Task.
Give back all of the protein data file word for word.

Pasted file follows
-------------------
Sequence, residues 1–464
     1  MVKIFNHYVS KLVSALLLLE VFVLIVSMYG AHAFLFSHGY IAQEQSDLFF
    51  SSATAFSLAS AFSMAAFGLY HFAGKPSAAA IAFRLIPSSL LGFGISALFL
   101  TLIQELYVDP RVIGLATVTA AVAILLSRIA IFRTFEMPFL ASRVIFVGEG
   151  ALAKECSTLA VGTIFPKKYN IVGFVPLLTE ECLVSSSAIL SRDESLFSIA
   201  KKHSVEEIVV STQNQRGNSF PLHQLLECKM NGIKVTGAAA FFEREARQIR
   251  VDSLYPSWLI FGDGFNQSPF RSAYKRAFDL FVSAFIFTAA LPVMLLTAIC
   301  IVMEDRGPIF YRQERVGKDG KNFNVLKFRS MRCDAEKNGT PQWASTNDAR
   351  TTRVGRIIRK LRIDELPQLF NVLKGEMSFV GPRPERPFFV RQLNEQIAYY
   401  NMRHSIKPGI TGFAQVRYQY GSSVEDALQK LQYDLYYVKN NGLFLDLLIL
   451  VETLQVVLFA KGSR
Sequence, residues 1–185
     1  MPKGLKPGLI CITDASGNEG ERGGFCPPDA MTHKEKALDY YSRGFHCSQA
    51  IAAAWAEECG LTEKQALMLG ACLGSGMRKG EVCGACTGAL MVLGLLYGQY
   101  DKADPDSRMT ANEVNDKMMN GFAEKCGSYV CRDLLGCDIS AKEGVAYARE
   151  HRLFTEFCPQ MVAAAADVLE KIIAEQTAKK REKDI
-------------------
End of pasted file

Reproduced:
Sequence, residues 1–464
     1  MVKIFNHYVS KLVSALLLLE VFVLIVSMYG AHAFLFSHGY IAQEQSDLFF
    51  SSATAFSLAS AFSMAAFGLY HFAGKPSAAA IAFRLIPSSL LGFGISALFL
   101  TLIQELYVDP RVIGLATVTA AVAILLSRIA IFRTFEMPFL ASRVIFVGEG
   151  ALAKECSTLA VGTIFPKKYN IVGFVPLLTE ECLVSSSAIL SRDESLFSIA
   201  KKHSVEEIVV STQNQRGNSF PLHQLLECKM NGIKVTGAAA FFEREARQIR
   251  VDSLYPSWLI FGDGFNQSPF RSAYKRAFDL FVSAFIFTAA LPVMLLTAIC
   301  IVMEDRGPIF YRQERVGKDG KNFNVLKFRS MRCDAEKNGT PQWASTNDAR
   351  TTRVGRIIRK LRIDELPQLF NVLKGEMSFV GPRPERPFFV RQLNEQIAYY
   401  NMRHSIKPGI TGFAQVRYQY GSSVEDALQK LQYDLYYVKN NGLFLDLLIL
   451  VETLQVVLFA KGSR
Sequence, residues 1–185
     1  MPKGLKPGLI CITDASGNEG ERGGFCPPDA MTHKEKALDY YSRGFHCSQA
    51  IAAAWAEECG LTEKQALMLG ACLGSGMRKG EVCGACTGAL MVLGLLYGQY
   101  DKADPDSRMT ANEVNDKMMN GFAEKCGSYV CRDLLGCDIS AKEGVAYARE
   151  HRLFTEFCPQ MVAAAADVLE KIIAEQTAKK REKDI